dharma: My understanding(partial)
dharma is not a religion. Merriam-websters defines religion as: the belief in a god or in a group of gods; or an organized system of beliefs, ceremonies, and rules used to worship a god or a group of gods; or a cause, principle, or system of beliefs held to with ardor and faith. dharma is neither of these. dharma doesn't require a belief in any god. Different people may follow different ceremonies; they might have different beliefs related to god(from atheist to monotheist to polytheist); but they do have dharma. there are no rules on how to worship in dharma. dharma is not restricted by a cause, nor by a principle; nor by a belief system. As nothing in the definition characterizes religion, dharma is not religion. Let me try to explain this better.
Water, whether it is taken from well, river, pond, lake or ocean; is just water, or plain old H2O. No matter what you do to it, the molecule of water has exactly two atoms of hydrogen and one atom of oxygen. The moment it ceases to have these, it ceases to exist as water. So is water from the well sweet, or from the ocean salty? based on the place from which water is taken, will it's taste change? If one accepts that water is the molecule and nothing but the molecule containing the three atoms, it obviously can't have different tastes just because we collected from different places. However, we can sense different taste for different water. Tap water doesn't taste the same as bottled water. To know that it is water, do we need to assign a taste to it? Can one water be more 'water' than another water? I think it is clear from this argument that one cannot distinguish water from multiple sources. Similarly, dharma is not restricted by either belief or non-belief of god.
Water may be flowing down a stream. It might be getting accumulated in a lake; and discharging from the lake through a river into a sea. It might be getting evaporated, getting stored in clouds, and drenching earth in the form of rain. When one looks at a stream or a river, one can perceive the banks that water rarely crosses. One might be able to hear the rhythm of water flowing. One might be able to see the color of the flowing water. Just because we are perceiving through the multiple senses, water doesn't cease to be water. Just because water came down one side of mountain instead of another, it doesn't cease to be water. Just because a person follows a set of ceremonies instead of another, he doesn't stop to follow dharma.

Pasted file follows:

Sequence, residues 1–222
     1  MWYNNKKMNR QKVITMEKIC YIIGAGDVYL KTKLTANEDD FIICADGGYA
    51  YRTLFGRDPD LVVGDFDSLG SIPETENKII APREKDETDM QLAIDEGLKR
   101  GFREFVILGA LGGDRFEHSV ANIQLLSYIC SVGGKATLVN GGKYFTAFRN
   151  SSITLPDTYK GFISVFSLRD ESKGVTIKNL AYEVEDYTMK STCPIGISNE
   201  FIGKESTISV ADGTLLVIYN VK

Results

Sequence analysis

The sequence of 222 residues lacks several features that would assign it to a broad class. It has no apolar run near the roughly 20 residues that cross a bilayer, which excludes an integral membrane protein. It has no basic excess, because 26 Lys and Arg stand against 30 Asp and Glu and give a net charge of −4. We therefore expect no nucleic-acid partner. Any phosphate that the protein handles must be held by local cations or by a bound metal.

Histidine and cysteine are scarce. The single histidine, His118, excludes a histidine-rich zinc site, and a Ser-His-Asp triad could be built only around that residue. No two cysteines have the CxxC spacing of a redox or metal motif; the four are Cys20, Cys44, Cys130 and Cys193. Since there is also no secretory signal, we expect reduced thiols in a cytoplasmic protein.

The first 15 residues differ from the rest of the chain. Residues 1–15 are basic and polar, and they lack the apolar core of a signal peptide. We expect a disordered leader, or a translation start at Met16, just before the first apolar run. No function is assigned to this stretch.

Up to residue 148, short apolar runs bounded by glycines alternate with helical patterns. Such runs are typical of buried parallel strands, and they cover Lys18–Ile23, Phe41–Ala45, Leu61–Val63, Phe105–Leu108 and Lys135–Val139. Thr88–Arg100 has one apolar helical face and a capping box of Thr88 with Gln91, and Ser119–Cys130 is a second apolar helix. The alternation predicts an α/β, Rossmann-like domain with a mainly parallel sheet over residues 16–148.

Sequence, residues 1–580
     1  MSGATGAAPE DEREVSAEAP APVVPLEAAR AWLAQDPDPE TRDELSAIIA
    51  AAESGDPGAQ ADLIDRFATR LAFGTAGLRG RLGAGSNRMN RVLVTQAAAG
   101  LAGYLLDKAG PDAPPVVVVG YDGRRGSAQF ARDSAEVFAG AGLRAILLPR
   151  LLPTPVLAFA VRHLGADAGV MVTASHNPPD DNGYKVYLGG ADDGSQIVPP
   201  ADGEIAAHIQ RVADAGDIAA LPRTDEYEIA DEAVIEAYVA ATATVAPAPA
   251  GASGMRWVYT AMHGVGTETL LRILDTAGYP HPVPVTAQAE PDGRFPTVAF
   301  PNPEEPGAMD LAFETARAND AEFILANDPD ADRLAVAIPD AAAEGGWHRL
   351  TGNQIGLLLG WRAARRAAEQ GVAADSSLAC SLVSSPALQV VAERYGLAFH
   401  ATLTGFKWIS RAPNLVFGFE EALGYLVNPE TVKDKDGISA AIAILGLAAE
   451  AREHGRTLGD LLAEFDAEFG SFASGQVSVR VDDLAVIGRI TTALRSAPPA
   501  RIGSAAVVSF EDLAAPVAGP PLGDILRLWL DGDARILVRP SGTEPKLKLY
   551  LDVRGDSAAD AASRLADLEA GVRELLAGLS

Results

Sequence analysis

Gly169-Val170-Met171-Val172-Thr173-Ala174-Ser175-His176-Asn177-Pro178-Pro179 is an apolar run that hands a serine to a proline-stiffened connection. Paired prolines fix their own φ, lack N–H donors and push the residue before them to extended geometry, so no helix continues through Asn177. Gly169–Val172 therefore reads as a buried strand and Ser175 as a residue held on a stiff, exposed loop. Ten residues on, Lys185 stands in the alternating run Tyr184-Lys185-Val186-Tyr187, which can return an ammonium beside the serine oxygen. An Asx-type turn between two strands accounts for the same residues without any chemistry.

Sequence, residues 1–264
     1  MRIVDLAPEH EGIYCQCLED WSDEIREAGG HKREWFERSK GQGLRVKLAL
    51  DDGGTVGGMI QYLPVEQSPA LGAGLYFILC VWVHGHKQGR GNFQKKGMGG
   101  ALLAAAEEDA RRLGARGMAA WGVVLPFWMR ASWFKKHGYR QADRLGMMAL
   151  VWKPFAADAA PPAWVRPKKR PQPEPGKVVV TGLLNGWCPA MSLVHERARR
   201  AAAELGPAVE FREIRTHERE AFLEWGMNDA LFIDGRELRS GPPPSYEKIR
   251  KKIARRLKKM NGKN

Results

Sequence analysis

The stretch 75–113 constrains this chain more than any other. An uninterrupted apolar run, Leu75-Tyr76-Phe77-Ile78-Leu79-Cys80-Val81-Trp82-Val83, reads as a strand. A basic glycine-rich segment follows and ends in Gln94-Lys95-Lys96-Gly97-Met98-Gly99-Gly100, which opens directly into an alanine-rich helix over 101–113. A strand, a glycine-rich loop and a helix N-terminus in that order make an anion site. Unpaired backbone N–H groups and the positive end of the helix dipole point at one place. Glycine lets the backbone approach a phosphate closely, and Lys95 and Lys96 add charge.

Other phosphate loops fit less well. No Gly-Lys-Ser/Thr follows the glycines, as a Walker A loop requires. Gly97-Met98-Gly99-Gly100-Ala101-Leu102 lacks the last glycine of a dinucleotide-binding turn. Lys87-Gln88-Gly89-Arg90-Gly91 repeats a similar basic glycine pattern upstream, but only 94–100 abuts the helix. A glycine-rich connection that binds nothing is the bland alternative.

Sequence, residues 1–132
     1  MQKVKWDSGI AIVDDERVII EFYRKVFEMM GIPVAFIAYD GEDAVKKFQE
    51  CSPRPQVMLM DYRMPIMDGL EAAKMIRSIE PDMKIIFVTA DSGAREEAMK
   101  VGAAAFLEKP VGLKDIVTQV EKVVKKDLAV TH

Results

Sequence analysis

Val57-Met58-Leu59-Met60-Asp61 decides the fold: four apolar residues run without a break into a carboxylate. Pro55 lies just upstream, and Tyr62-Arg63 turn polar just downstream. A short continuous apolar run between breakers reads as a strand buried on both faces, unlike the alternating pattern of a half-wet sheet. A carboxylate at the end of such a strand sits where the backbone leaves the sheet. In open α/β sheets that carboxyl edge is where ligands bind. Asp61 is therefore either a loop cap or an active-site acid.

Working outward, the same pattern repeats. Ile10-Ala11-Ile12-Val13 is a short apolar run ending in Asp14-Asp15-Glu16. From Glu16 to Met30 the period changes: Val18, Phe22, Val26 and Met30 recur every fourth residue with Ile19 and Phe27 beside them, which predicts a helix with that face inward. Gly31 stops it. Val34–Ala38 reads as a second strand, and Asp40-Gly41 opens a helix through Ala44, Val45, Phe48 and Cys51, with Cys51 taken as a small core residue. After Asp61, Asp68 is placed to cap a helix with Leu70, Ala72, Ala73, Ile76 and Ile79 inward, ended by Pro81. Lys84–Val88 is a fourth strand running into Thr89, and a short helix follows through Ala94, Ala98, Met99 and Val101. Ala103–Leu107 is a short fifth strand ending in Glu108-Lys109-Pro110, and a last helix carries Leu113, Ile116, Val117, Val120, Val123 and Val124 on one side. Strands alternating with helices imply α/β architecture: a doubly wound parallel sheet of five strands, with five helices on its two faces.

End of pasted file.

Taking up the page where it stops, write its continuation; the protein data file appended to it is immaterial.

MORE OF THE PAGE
Having seen that dharma cant be restricted by a notion of god or by a notion of customs, ceremonies, etc. let me try to analyze whether dharma has a predefined system. To take the analogy of water again, let us try to look at how water is made. Without going into much of chemistry, we know that water is the result of many reactions. Having made water, will it really matter how the specific molecule of water was made? Similarly, once someone is following dharma, does it really matter how he managed to follow dharma!
Having denied that dharma is a religion, let me next show why dharma is not a definition of a hypothetical ideal person. One of the things that people try to do is to define dharma as an embodiment of a person. You may want to call hero-worship. You may want to call this as reliving the way greats have lived. People-based religion want to emulate the life of their favorite "saint". If dharma is really about conforming to a mold, then there are so many people who claim to be followers of dharma. Why aren't we having replicas of the initial saint? Why are people waiting for the next Moses, the next Jesus, the next Nabi? If rAma is the ideal man, why are we not molding ourselves into a rAma? Why are we not trying to get one more Adi shankara? The question can also be rephrased as: why did only one type of monkey evolve to be a human while others didn't? Here in lies the difficulty of providing a template to dharma.
dharma, ultimately, is about the individual. I am not denying that it can never be with respect to a collective. The understanding of what constitutes as dharma also evolves with the individual. It is really about understanding what are the choices that a person can make, cannot make, ought to make, ought not make. These are not rules of engagement. These are basically a bunch of frameworks. The choice I was referring is the choice of the framework at the current point of time.
We, as human beings, make a lot of choices. Some of them are very small ones. for example: should i type with one finger or many fingers? Some are "big" choices: do i quit this job? Is there religion behind these choices? Some might want to dogmatically say yes; but we all know that none of these choices have any significance in isolation. How we make these choices depend on dharma.